Putting an end to doubts about her intentions to stay in power, Argentina’s president, Cristina Fernández de Kirchner, announced yesterday that she will run for re-election on October 23. Although only a month ago Fernández de Kirchner said she was not “dying to be president again,” in a nationally televised address on Tuesday evening, she said she has a “personal, historical and political responsibility” to fulfill. Backed by ministers, governors and other public figures in the room, Fernández de Kirchner promised to keep working for the nation’s reconstruction, saying “my commitment is irrevocable.”
Speaking from Argentina’s presidential palace, the Casa Rosada, the 58-year old center-left president did not name a running mate. Fernández de Kirchner, representing the Peronist Frente para la Victoria (FPV) party, will run against Ricardo Alfonsín (Unión Cívica Radical party)—son of ex-president Raúl Alfonsín—and former President Eduardo Duhalde (dissident Peronist). According to the most recent poll of the Center of Public Opinion Studies, with a margin of error of plus or minus 3 percentage points, if elections were held today, Fernández de Kirchner would lead with 47 percent of the votes, followed by Alfonsín (15 percent) and Duhalde (7 percent).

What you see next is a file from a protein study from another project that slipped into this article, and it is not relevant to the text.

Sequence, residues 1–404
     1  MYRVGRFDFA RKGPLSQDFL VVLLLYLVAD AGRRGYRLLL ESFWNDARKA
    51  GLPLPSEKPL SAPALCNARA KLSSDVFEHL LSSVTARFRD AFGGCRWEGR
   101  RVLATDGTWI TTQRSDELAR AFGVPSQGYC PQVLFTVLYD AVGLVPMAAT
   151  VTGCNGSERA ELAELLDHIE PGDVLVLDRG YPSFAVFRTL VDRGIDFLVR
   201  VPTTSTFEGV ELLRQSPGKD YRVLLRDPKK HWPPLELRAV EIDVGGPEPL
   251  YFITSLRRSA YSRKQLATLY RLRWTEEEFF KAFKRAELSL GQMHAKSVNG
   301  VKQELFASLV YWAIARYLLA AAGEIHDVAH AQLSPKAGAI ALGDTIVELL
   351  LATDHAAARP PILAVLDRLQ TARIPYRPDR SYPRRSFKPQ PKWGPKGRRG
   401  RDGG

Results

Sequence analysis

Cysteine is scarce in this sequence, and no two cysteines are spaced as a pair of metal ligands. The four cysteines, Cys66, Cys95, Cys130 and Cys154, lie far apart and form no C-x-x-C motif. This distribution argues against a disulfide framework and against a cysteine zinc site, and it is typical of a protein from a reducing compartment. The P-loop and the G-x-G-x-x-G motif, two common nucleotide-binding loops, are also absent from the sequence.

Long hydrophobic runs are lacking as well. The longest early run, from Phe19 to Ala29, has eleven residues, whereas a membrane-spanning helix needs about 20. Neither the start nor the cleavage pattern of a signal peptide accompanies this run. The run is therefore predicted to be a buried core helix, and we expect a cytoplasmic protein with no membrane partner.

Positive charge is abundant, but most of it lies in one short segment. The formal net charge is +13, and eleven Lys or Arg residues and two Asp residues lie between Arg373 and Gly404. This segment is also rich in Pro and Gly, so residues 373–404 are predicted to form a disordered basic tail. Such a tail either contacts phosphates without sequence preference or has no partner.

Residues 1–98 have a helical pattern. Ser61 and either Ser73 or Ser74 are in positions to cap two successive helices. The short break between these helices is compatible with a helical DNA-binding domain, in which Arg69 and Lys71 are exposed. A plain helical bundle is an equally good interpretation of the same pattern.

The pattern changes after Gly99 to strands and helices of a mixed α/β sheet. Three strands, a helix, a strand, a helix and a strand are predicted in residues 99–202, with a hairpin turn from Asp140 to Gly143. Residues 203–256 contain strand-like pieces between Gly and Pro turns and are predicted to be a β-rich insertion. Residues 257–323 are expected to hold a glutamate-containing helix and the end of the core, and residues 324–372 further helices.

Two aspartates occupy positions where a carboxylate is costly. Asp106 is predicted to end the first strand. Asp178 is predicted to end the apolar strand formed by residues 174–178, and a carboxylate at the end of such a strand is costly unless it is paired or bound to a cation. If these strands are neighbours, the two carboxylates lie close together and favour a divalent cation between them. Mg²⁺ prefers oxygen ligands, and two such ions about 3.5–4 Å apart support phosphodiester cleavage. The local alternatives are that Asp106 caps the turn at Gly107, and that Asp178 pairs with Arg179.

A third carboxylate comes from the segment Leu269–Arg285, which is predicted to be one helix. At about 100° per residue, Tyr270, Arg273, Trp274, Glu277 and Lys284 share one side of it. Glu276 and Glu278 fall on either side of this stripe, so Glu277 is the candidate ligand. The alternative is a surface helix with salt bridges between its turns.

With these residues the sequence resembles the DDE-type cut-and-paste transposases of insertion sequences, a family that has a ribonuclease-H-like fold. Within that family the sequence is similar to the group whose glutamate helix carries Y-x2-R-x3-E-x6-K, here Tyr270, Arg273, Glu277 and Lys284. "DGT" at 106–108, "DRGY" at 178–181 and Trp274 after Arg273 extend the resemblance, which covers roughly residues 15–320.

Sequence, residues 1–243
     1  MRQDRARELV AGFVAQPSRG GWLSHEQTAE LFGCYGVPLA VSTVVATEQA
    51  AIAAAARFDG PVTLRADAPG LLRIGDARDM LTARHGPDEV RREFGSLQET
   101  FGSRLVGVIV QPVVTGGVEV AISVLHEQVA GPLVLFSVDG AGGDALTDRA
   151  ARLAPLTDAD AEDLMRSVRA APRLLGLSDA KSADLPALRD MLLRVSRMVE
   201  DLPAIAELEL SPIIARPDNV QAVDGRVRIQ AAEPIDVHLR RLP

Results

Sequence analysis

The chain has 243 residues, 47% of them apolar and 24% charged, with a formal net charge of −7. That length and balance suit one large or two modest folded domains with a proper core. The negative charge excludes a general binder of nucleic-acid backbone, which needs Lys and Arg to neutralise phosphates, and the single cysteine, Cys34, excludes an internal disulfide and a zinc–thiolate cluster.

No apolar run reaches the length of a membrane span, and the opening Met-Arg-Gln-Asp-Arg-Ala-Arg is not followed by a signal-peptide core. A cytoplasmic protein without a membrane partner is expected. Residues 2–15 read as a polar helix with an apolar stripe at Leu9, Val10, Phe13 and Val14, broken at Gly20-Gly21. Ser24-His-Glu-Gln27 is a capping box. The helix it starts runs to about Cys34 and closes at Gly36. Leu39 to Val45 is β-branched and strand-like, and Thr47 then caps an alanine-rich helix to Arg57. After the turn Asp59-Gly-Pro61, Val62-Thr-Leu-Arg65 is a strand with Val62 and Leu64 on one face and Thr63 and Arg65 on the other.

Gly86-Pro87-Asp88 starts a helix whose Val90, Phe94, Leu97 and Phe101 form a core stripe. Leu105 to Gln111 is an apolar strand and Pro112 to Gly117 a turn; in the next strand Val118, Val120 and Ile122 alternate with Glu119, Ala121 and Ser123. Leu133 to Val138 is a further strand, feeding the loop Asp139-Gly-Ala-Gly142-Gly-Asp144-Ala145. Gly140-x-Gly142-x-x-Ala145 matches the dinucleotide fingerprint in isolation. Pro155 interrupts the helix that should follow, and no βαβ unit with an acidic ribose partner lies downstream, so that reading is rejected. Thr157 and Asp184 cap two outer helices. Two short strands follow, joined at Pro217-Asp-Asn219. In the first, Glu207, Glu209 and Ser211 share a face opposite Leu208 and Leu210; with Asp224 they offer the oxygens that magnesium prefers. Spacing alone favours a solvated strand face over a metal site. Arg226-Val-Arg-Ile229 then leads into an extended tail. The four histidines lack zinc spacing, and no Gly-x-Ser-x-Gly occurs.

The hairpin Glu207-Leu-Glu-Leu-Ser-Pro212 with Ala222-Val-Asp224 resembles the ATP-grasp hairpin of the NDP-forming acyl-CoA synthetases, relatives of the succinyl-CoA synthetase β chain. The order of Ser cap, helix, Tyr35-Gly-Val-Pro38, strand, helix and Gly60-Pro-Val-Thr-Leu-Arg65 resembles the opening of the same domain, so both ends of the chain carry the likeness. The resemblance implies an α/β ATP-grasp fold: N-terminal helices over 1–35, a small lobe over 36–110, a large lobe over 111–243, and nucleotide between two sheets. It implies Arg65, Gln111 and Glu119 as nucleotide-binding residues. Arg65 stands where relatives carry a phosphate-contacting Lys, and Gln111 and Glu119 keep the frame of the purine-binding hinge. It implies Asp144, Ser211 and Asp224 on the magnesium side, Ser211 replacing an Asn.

If Fernández de Kirchner wins, she would keep her party in power for 12 years—a hold that began in 2003 when her late husband, Néstor Kirchner, took office following the country’s 2001-2002 economic crisis. The 2007 victory was attributed to her husband’s popularity, and she has capitalized on the public’s sympathy following his death last October; at the same time, supporters also acknowledge her pro-poor policies and a growing economy.
In addition to popular support, Law 26.571, Ley de Democratización de la Representación Política, la Transparencia y la Equidad Electoral (Law of Democratization of Political Representation, Transparency and Electoral Equity)—signed December 2009—will facilitate the FPV’s aspirations, as it undermines the formation of party alliances and limits new candidates from running for the presidency.
Opponents accuse her administration of unsustainable populist measures, corruption scandals, manipulation of official statistics, and doubtful management of public resources, though consultants doubt these factors pose a significant threat to the President’s candidacy.